The partnership the Alaska Aces unveiled Wednesday, when they announced their affiliation with the NHL's Calgary Flames and American Hockey League's Abbotsford Heat, should bolster on several fronts a franchise that already ranks as a perennial power in the ECHL.
Under the one-year deal, the Aces this upcoming season likely will receive multiple players under contract to either Calgary or Abbotsford. Those additions will almost certainly strengthen Alaska's roster, and they will definitely afford the Aces salary-cap relief.
An NHL- or AHL-contracted player who plays in the ECHL only counts $525 per week against the league's weekly salary cap, which is $12,400 for the first month of the season and $12,000 per week after that. The discounted cap hit -- a maximum 20-player active roster and a weekly cap of $12,000 works out to an average of $600 per player -- will furnish Aces coach Rob Murray some weekly wiggle room.
The agreement also means the Aces will send at least four players under ECHL contract to Abbotsford's training camp next month in British Columbia -- Abbotsford is located about an hour's drive from Vancouver. That will give the selected players, yet to be revealed, a chance to compete at a higher level and make an impression on Abbotsford's coaching staff.
Alaska's affiliation with Abbotsford is a geographic fit -- Abbotsbord is the closest to Anchorage of the AHL's 30 franchises.
"These kinds of days are great days for us,'' Aces managing member Terry Parks said at an afternoon press conference at the team's offices.
The Aces' new affiliation marks their first since a five-year association, ending in 2011, with the NHL's St. Louis Blues and the Blues' then-AHL affiliate, the Peoria Rivermen. Alaska has been an independent team the last two seasons and still managed in both campaigns to win the Brabham Cup as ECHL regular-season champions, which gives the Aces an unprecedented three straight Brabhams.
Murray, a former NHLer (107 games) and AHLer (1,018 games), said the affiliation enhances the Aces' prestige.
"There's value there,'' Murray said. "It's probably not tangible value, but you know it's there. We're now part of a system -- we're the AA team of the Calgary Flames.''
Michael Holditch, Calgary's senior vice president and assistant general manager, who attended Wednesday's announcement, said striking a deal with the Aces made geographic sense. Still, he said, his organization was most convinced by the Aces' professionalism and reputation.
"It was more about the fit and the people, and we knew we can trust this group,'' Holditch said.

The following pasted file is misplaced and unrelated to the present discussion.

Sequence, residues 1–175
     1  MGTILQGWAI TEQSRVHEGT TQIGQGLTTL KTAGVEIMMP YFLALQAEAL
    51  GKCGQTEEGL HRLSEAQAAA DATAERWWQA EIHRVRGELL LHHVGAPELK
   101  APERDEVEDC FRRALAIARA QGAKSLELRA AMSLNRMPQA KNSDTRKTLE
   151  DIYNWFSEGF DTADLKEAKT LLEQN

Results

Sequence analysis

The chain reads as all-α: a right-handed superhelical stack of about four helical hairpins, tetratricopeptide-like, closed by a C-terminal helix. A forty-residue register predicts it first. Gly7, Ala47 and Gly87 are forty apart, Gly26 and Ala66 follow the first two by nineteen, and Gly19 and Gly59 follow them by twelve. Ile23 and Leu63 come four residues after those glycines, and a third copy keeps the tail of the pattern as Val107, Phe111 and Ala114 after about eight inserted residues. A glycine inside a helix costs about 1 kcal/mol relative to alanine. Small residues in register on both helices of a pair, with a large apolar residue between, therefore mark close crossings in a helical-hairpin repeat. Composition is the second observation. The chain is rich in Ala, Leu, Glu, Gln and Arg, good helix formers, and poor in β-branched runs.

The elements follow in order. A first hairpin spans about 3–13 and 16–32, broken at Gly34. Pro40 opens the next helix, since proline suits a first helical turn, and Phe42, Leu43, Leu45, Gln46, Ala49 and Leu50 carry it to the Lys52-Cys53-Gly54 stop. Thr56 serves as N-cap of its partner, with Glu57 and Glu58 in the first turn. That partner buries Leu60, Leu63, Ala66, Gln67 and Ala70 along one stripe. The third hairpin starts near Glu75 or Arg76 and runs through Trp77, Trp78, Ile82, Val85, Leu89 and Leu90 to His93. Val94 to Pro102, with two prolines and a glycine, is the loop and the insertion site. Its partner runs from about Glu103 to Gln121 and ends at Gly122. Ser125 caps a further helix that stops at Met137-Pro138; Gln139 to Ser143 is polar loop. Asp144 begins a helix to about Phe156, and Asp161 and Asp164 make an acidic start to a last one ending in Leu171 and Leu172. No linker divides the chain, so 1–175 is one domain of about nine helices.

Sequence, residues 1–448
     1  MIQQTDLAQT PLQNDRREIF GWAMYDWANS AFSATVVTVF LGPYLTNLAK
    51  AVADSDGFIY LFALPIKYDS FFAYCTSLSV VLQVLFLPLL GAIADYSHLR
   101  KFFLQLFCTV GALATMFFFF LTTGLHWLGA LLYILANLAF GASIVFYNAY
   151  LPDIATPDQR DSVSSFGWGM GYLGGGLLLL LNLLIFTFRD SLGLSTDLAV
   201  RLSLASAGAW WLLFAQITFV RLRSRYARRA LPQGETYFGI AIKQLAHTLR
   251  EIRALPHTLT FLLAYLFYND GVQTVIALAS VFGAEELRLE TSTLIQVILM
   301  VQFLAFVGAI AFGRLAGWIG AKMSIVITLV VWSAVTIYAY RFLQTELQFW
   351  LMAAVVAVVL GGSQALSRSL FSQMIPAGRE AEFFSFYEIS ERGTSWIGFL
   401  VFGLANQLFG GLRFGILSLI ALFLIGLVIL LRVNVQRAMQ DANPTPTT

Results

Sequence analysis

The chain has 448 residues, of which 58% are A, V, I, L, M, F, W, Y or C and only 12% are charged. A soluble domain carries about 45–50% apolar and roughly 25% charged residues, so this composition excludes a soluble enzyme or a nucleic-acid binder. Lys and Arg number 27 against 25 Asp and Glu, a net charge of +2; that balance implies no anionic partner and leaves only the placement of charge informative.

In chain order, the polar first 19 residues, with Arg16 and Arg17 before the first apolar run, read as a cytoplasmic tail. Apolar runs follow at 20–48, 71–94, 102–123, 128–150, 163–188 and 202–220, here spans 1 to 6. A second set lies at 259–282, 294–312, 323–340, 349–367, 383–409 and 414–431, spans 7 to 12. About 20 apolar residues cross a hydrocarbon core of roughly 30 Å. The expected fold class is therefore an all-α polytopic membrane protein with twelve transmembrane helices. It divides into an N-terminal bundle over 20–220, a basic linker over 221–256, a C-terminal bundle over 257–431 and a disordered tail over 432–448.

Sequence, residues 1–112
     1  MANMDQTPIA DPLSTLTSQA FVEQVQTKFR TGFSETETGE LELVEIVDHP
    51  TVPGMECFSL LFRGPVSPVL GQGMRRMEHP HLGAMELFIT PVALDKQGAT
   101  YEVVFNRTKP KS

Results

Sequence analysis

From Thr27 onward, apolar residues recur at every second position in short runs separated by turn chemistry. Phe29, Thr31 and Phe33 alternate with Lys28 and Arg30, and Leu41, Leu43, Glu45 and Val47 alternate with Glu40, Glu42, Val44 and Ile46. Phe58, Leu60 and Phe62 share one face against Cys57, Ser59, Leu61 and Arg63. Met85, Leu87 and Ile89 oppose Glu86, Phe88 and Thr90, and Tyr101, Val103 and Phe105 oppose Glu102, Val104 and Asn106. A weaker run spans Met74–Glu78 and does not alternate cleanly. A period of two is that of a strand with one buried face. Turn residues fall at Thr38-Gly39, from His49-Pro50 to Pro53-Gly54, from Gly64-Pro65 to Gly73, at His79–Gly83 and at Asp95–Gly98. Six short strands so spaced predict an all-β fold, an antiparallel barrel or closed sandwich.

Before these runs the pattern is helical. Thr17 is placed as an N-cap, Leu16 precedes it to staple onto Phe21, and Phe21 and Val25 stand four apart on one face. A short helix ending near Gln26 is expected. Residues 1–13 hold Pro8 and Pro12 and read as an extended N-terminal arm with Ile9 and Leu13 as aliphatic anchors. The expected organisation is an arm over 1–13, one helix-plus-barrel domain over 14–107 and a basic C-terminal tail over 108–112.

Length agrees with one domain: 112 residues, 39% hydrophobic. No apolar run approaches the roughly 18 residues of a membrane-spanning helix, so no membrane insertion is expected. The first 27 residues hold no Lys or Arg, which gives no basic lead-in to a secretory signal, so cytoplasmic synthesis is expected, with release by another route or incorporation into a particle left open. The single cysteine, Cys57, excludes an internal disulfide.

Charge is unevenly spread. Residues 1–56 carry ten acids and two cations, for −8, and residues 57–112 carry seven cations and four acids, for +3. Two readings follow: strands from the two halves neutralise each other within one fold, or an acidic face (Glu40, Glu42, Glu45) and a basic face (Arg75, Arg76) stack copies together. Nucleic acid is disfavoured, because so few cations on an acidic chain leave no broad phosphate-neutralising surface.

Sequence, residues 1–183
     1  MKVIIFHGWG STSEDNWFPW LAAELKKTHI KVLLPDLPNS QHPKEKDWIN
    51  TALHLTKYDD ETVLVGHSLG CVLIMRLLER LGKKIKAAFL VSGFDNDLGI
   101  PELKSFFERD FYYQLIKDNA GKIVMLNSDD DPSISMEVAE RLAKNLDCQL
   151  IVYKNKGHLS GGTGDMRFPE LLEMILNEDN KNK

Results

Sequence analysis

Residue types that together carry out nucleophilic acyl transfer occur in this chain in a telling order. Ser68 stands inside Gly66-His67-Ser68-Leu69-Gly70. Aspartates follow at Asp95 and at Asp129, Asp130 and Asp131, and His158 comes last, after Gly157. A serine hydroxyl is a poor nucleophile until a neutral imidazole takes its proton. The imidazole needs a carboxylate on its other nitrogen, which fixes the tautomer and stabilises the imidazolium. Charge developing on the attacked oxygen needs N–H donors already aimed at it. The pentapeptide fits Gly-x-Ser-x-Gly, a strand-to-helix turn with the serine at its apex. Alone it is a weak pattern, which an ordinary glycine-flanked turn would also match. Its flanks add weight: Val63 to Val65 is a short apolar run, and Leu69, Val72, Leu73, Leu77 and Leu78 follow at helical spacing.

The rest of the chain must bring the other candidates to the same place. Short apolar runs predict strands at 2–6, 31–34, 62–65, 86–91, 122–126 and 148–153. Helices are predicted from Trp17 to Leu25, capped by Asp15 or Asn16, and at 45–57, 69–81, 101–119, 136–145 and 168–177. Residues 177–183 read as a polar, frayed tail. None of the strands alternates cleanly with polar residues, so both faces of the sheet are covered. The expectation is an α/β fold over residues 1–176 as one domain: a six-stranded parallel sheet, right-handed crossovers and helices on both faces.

The Aces enjoyed unofficial ties to Abbotsford in previous seasons. Former Aces Tyler Ruegsegger and Russ Sinkewich have been loaned to the Heat, and Ruegsegger spent all last season with them. Also, Aces wingers Garry Nunn and Jordan Kremyr, and defenseman Kane Lafranchise, all attended Abbotsford's training camp last year.
Hard-core hockey fans will note an Alaska connection to the Flames -- former UAA winger Curtis Glencross led the Flames in goals in last season's lockout-shortened campaign, and he scored 53 goals for them in the previous two full seasons.
Parks said the Aces in the past two seasons have explored opportunities to become affiliated again, but did not find a suitable partner. Murray said he sought an affiliation but usually came to the same geographic impasse: "It always came back to, 'It's too far,' '' Murray said.
Abbotsford, however, is just one time zone and two flights (Anchorage to Seattle to Vancouver) away. That means a player recalled or loaned to Abbotsford could depart Anchorage on a morning flight and arrive in Abbotsford in time to play a night game. And vice versa.
"For the first time, the Aces will be able to have same-day transactions,'' said Aces spokesman Josh Bogorad.
Players under ECHL contract to the Aces can still be loaned to any AHL team -- Lafranchise, for instance, was loaned last season to both Oklahoma City and Houston.
The deal with Calgary and Abbotsford was initiated by Murray, who in June contacted John Weisbrod, Calgary's assistant general manager of player personnel, after learning the Flames no longer had an affiliation with the ECHL's Utah Grizzlies. Weisbrod was the Boston Bruins' director of pro and college scouting at the same time Murray was head coach of Boston's AHL affiliate, the Providence Bruins. Murray also knows Calgary general manager Jay Feaster, who was general manager of the NHL's Tampa Bay Lightning when Murray was closing his playing career with AHL Springfield, Tampa Bay's farm team at the time.
Murray said Weisbrod expressed interest and passed him off to Holditch. Parks then handled negotiations with the Flames.
Holditch said partnering with the Aces gives Calgary and Abbotsford a place to give their prospects ice time. And Murray said he is eager to work with the talent sent his way.
"I'm looking forward to having players to develop, to helping them make the right step in their career,'' Murray said.
By DOYLE WOODY